FLORIDA WEEKLY WEEK OF NOVEMBER 16-22, 2017 A5 DR. MICHAEL PAPA Chiropractor | Clinic Director Get Back in the Game Full Physical Therapy FacilityTreat Neck Pain, Back Pain and Sciatica caused by BULGING/HERNIATED DISCS DEGENERATIVE DISC DISEASE FACET SYNDROME FAILED BACK SURGERYWITHOUT THE USE OF DRUGS, INJECTIONS OR SURGERYAUTO ACCIDENT? School Physical, Camp Physical, Sports Physical$20 GIFT CERTIFICATEThis certi cate applies to consultation and examination and must be presented on the date of the rst visit. This certi cate will also cover a prevention evaluation for Medicare recipients The patient and any other person responsible for payment has the right to refuse to pay, cancel payment or be reimbursed for any other service, examination or treatment that is performed as a result of and within 72 hours of responding to the advertisement for the free, discounted fee or reduced fee service, examination or treatment. Expires 11/30/2017.$150VALUE COMPLIMENTARY CHIROPRACTIC EXAMINATION & CONSULTATION PAPA CHIROPRACTIC & PHYSICAL THERAPY 25 Years in Jupiter & Palm Beach Gardens! DR. ALESSANDRA COLNChiropractor PALM BEACH GARDENS 9089 N. Military Trail, Suite 37 Palm Beach Gardens, FL 33410561.630.9598 PORT ST. LUCIE9109 South US Hwy One Port St. Lucie, FL 34952772.337.1300 JUPITER 2632 Indiantown Road Jupiter, FL 33458561.744.7373 4 4 5 5 6 6 Now Accepting Molina Marketplace & Sunshine Health your level. An additional beneficiary is Potentia Academy, a private school in Greenacres for students who struggle in standard learning environments, like Mr. Rooneys 19-year-old son. Patrick Rooney III, or P3, as the family calls him, has Aspergers syndrome. Hes been a blessing in a lot of ways, but obviously he has challenges, and to navigate those challenges as a parent has been something my wife and I have had to deal with, Mr. Rooney said. The oldest of two sons, he recently acquired his driver license and loves to play guitar. He was playing Sweet Home Alabama or something the other day, Mr. Rooney said. I actually recognized it. Catholic Charities will receive a portion of the proceeds, as well. We added Catholic Charities for all the weather-related issues going on this year, so we threw that component in there, too, Mr. Rooney said. There are people out there really hurting because of the hurricanes. Between $15,000 and $18,000 is expected to be raised and split evenly among the nonprofits. An estimated 150 will attend. For the people who are in the audience, whatever perception that you might have been given about those on the autism spectrum not being able to achieve anything, were showing you examples of people who have overcome this neurological condition and have been successful, Mr. Rooney said. It is supposed to be inspiring. Mr. Ianni has been inspiring those on the autism spectrum since his first speech five years ago in Detroit. An invitation to talk about the disorder in public came from Lt. Gov. Brian Calley, whose daughter, Reagan, was diagnosed at age 4. I received a standing ovation, Mr. Ianni said. From that day forward, I kind of took it upon myself to be the next generations voice. On the way home from the benefit, he talked about the experience with his then-girlfriend, Kelly they are married now, have a 2-year-old son, and a second baby is due in January and decided his dreams of shooting hoops didnt seem as important. Michael Jordan, Magic Johnson, Kareem Abdul-Jabbar, Wilt Chamberlain I wanted to be like those guys and play a sport thats just phenomenal, Mr. Ianni said. But after discussing it with Kelly, I said, This is where I belong. Im pretty sure this is my calling. He is on the road almost as much as he would be had he been drafted by an NBA team. It can be brutal sometimes, but you know what, its my love and passion that drive me, the 28-year-old said. I want to keep doing it as long as I can. His message about achievement setting goals and reaching them as well as strength tuning out the trash talk and never giving up landed him the job at the Michigan Department of Civil Rights. Ive always told people that if you have a goal in life, not only should you work hard and attack that goal and go for it, youve got to be relentless, Mr. Ianni said. His autism pervasive developmental disorder led to language problems and difficulty understanding conversations at an early age. Classmates bullied him in elementary school. Doctors told his parents that if he managed to graduate from high school, he never would get into college. People were disrespecting me, saying you cant do this, youre not going to do that, because you have autism, Mr. Ianni said. But the more and more disrespect I had in my life, the more and more haters I had, the more and more motivation I had to go out on the court and just shut people up. He became the first athlete with autism to join the roster of a Division I college basketball team. You can never give up on anything or anyone in life, Mr. Ianni said. Dont let anyone stop you. BULLYINGFrom page 1 The Overcomer Luncheon>> When: 11 a.m. Nov. 16 >> Where: National Croquet Center, 700 Florida Mango Road, West Palm Beach >> Cost: $125 >> Info: 561-683-2222, Ext. 146, or www. rooneysgolffoundation.org/theovercomerluncheon COURTESY PHOTOAnthony Ianni dreamed of a career in professional basketball; speaking out against bullying became his passion.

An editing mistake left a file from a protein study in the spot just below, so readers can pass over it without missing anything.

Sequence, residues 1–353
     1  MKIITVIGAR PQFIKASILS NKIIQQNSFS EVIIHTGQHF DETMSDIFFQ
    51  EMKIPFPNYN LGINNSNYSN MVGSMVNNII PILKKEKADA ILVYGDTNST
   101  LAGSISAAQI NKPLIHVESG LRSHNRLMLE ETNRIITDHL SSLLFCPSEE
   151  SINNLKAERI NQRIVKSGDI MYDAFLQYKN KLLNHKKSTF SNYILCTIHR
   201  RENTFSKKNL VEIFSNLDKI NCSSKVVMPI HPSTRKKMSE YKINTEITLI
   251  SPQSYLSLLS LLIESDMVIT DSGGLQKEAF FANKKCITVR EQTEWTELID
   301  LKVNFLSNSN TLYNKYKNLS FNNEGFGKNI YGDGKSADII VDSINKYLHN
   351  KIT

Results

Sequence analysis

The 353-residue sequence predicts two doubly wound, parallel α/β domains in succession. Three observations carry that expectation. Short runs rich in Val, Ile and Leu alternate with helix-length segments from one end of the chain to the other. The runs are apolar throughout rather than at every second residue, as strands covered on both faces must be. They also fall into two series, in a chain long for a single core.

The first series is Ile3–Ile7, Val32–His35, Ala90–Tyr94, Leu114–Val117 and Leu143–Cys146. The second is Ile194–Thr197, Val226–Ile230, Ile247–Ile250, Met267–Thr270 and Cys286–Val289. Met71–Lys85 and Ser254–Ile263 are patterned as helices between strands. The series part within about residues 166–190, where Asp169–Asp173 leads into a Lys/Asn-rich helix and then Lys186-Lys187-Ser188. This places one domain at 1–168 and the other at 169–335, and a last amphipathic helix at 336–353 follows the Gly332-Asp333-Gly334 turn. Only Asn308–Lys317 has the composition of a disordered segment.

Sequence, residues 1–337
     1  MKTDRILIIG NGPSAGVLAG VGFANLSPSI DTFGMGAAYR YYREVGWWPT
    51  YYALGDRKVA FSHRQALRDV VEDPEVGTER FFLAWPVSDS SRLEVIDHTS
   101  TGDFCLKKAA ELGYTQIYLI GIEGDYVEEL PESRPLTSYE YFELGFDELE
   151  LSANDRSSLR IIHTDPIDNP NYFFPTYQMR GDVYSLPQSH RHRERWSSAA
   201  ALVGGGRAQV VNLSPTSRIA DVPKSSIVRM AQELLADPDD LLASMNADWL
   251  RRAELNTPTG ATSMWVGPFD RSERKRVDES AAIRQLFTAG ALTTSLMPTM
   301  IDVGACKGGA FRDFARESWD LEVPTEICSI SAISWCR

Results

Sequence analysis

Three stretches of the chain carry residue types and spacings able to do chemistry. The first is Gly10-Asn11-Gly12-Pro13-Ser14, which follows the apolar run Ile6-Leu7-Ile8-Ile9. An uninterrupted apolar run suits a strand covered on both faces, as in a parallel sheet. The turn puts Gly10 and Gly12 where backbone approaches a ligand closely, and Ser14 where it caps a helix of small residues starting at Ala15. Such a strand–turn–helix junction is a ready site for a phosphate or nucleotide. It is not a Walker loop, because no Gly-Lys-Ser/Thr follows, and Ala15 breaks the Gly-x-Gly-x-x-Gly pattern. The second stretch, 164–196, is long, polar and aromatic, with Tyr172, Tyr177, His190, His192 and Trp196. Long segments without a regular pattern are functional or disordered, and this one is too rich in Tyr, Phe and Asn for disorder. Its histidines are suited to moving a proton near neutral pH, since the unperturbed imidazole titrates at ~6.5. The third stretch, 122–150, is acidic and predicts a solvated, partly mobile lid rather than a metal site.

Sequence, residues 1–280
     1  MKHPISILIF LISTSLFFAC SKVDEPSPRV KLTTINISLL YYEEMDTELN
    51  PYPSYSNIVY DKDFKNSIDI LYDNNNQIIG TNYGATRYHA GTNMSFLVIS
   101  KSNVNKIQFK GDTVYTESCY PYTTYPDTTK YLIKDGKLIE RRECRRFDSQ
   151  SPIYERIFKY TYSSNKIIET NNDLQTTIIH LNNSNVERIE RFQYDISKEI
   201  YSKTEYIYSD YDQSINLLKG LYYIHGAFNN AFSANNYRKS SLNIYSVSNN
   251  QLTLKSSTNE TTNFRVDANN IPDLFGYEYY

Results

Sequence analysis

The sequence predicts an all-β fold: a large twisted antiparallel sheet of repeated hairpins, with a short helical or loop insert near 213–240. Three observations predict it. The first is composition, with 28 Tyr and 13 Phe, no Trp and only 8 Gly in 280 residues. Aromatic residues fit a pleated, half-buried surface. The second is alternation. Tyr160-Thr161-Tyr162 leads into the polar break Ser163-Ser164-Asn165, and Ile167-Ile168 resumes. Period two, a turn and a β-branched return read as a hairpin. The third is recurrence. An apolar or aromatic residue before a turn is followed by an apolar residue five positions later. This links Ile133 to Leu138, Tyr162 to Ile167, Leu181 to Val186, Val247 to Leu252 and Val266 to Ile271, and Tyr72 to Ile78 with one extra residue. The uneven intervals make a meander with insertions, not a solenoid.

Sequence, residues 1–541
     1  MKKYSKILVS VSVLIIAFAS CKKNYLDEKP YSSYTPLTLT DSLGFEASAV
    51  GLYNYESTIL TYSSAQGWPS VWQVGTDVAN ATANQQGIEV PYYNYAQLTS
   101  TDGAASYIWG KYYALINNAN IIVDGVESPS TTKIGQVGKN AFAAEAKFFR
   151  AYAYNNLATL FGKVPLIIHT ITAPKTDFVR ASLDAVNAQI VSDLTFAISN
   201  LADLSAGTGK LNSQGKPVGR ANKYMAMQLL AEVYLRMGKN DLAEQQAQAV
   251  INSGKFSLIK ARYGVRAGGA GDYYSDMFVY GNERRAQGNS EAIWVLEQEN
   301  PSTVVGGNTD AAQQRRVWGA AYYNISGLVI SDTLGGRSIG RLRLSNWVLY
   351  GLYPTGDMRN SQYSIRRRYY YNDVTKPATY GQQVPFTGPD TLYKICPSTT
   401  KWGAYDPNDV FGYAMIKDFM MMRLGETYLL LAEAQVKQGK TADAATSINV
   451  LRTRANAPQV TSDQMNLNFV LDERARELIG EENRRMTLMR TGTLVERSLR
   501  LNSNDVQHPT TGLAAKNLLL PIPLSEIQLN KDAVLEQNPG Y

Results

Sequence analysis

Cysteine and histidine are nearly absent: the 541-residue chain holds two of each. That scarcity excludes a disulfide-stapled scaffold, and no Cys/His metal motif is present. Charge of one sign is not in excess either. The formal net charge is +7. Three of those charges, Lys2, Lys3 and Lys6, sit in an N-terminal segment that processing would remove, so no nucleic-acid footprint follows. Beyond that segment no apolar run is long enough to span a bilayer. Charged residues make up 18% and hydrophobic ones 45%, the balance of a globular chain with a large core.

A6 NEWS WEEK OF NOVEMBER 16-22, 2017 www.FloridaWeekly.com PALM BEACH FLORIDA WEEKLYThe Miami Marlins and St. Louis Cardinals have announced the 2018 Spring Training schedules, with 29 Major League games to be played at Roger Dean Stadium. Visiting teams include the New York Yankees, Boston Red Sox, Baltimore Orioles, Houston Astros, Atlanta Braves, Minnesota Twins, New York Mets and Washington Nationals. Five of the returning opponents for the Cardinals and Marlins qualified for the playoffs, with the Red Sox and Nationals both winning their divisions. The World Series champion Houston Astros will play a total of five games at the stadium, the first set for Sunday, Feb. 25. The Grapefruit League season kicks off at 1:05 p.m. Friday, Feb. 23, with a game between stadium rivals Marlins and Cardinals. In total, Roger Dean Stadium will host 15 home games for the Marlins, and 14 for the Cardinals. The only night game of the season takes place at 7:05 p.m. Friday, March 23, when the Marlins host the Washington Nationals. The Boston Red Sox and New York Yankees return to Roger Dean Stadium for the first time in a year, and the Baltimore Orioles return after a two-year gap. Season tickets for the Marlins and Cardinals can be purchased at the Roger Dean Stadium ticket office or by calling 561-630-1828. Individual game tickets, excluding the Yankees and Red Sox, will not be available until Roger Dean Stadiums Fan Fest to be held at 10 a.m. Jan. 13, when individual tickets will be available at the ticket office and via tickets.com. New York Yankees and Boston Red Sox individual game tickets will not be available for purchase until 10 a.m. Jan. 27, but are currently available for purchase through a season ticket, miniplan and group Ticket packages. For information, visit www.Roger DeanStadium.com or call 561-775-1818. Roger Dean Stadium Spring Training Schedule>> Feb. 23, St. Louis Cardinals @ Marlins, 1:05 p.m. >> Feb. 24, Washington Nationals @ Marlins, 1:05 p.m. >> Feb. 25, Houston Astros @ Cardinals, 1:05 p.m. >> Feb. 26, Houston Astros @ Marlins, 1:05 p.m. >> Feb. 28, Washington Nationals @ Marlins, 1:05 p.m. >> March 1, Minnesota Twins @ Cardinals, 1:05 p.m. >> March 2, Boston Red Sox @ Cardinals, 1:05 p.m. >> March 3, New York Mets @ Marlins, 1:05 p.m. >> March 4, Houston Astros @ Cardinals, 1:05 p.m. >> March 5, Washington Nationals @ Cardinals, 1:05 p.m. >> March 6, St. Louis Cardinals @ Marlins, 1:05 p.m. >> March 7, Washington Nationals @ Cardinals, 1:05 p.m. >> March 8, Miami Marlins @ Cardinals, 1:05 p.m. >> March 9, Boston Red Sox @ Marlins, 1:05 p.m. >> March 10, Miami Marlins @ Cardinals, 1:05 p.m. >> March 11, New York Yankee @ Miami, 1:05 p.m. >> March 13, St. Louis Cardinals @ Miami, 1:05 p.m. >> March 14, New York Mets @ Marlins, 1:05 p.m. >> March 15, Baltimore Orioles @ Cardinals, 1:05 p.m. >> March 16, Miami Marlins @ Cardinals, 1:05 p.m. >> March 17, Houston Astros @ Marlins, 1:05 p.m. >> March 18, Washington Nationals @ Cardinals, 1:05 p.m. >> March 19, Washington Nationals @ Marlins, 1:05 p.m. >> March 20, New York Mets @ Cardinals, 1:05 p.m. >> March 21, St. Louis Cardinals @ Marlins, 1:05 p.m. >> March 22, Atlanta Braves @ Cardinals, 1:05 p.m. >> March 23, Washington Nationals @ Marlins, 7:05 p.m. >> March 24, New York Mets @ Cardinals, 1:05 p.m. >> March 25, Houston Astros @ Marlins, 1:05 p.m. >> Info: www.RogerDeanStadium.com or 561-775-1818 Students from grades kindergarten through 12 have an opportunity to submit artwork for the Hanley Foundations ArtiGras Youth Art Competition in media ranging from pencil and crayon to chalk and paint. Student art will be judged by a panel of industry professionals, including local artists and art educators. Entries will be narrowed to 77 finalists, whose work will be displayed at ArtiGras. First, second and third place, and two honorable-mention winners will be selected for each school grade, to be announced at noon, Saturday, Feb. 17, at an ArtiGras main stage ceremony. Student art must be submitted by 5 p.m. Wednesday, Dec. 6, through the schools art teacher. To learn more, email email@example.com or call 561-7467111. Marlins, Cardinals announce 2018 Spring Training schedulesCOURTESY PHOTOThe first Spring Training game at Roger Dean Stadium is set for Feb. 25; Grapefruit League begins Feb. 23. The Hanley Foundation has signed a two-year agreement as title sponsor of the Youth Art Competition and ArtiKids Zone for the ArtiGras Fine Art Experienced Festival, now in its 33rd year. The Hanley Foundation ArtiKids Zone is a popular destination at the event, set for Feb. 17-19. The ArtiKids Zone also will display winning submissions from the Hanley Foundation Youth Art Competition. Students from Palm Beach County, grades kindergarten to 12th, participate in the competition and create works of art that embody the theme Family Time is Time Well Spent in a variety of mediums. The Hanley Foundation provides substance abuse prevention and education programs for parents, caregivers and school-age children. It also provides scholarships for patients who could not otherwise afford addiction treatment. ArtiGras, presented by Palm Beach Gardens Medical Center and produced by the Palm Beach North Chamber of Commerce, is ranked as one of the top 50 art shows in the United States, showcasing a juried exhibition of 300 fine artists from all over the country. The three-day event features art exhibits, demonstrations, live music, childrens art activities and food and drink. ArtiGras benefits more than 60 school art programs and nonprofit organizations. Visit www.artigras.org for more information. Hanley Foundation sponsors art for young artists at upcoming ArtiGrasCall for artists: ArtiGras Youth Art CompetitionArea students can learn about nature. Representatives from the Friends of the Arthur R. Marshall Loxahatchee National Wildlife Refuge have donated $4,000 to Palm Beach County schools to help pay for transportation for field trips at the refuge. The mission of the 501(c)(3) nonprofit organization is to further the publics understanding and appreciation of the refuges beauty and habitat. To learn more about the refuge, contact Elinor Williams at 561-496-4305 or visit www.loxahatcheefriends.com. Wildlife nonprofit funds school trips The American Legion Post 371 in Palm Beach Gardens has elected and installed its officers for 2018. The incoming officers are Bill Doherty, commander; Ed Skolkin, first vice-commander; Irwin Bromely second vice-commander; John Liguori, adjutant and finance officer; Deacon Al Wesley, chaplain; Tom Cieslinski, sergeant-at-arms; and Carl Pridemore, executive committee. The American Legion is a patriotic veterans organization committed to mentoring youth, advocating patriotism, promoting strong national security and supporting veterans. The Palm Beach Gardens Post meets at 11:30 a.m. on the third Saturday of each month at the VFW in Lake Park. To learn more, call Mr. Doherty, commander, at 561-312-2981. American Legion Post 371 elects officers COURTESY PHOTOBill Doherty, commander; Ed Skolkin, 1st vice-commander; Irwin Bromely 2nd vice-commander; John Liguori, adjutant and finance officer; Deacon Al Wesley, chaplain; Tom Cieslinski, sergeant-at-arms; and Carl Pridemore, executive committee.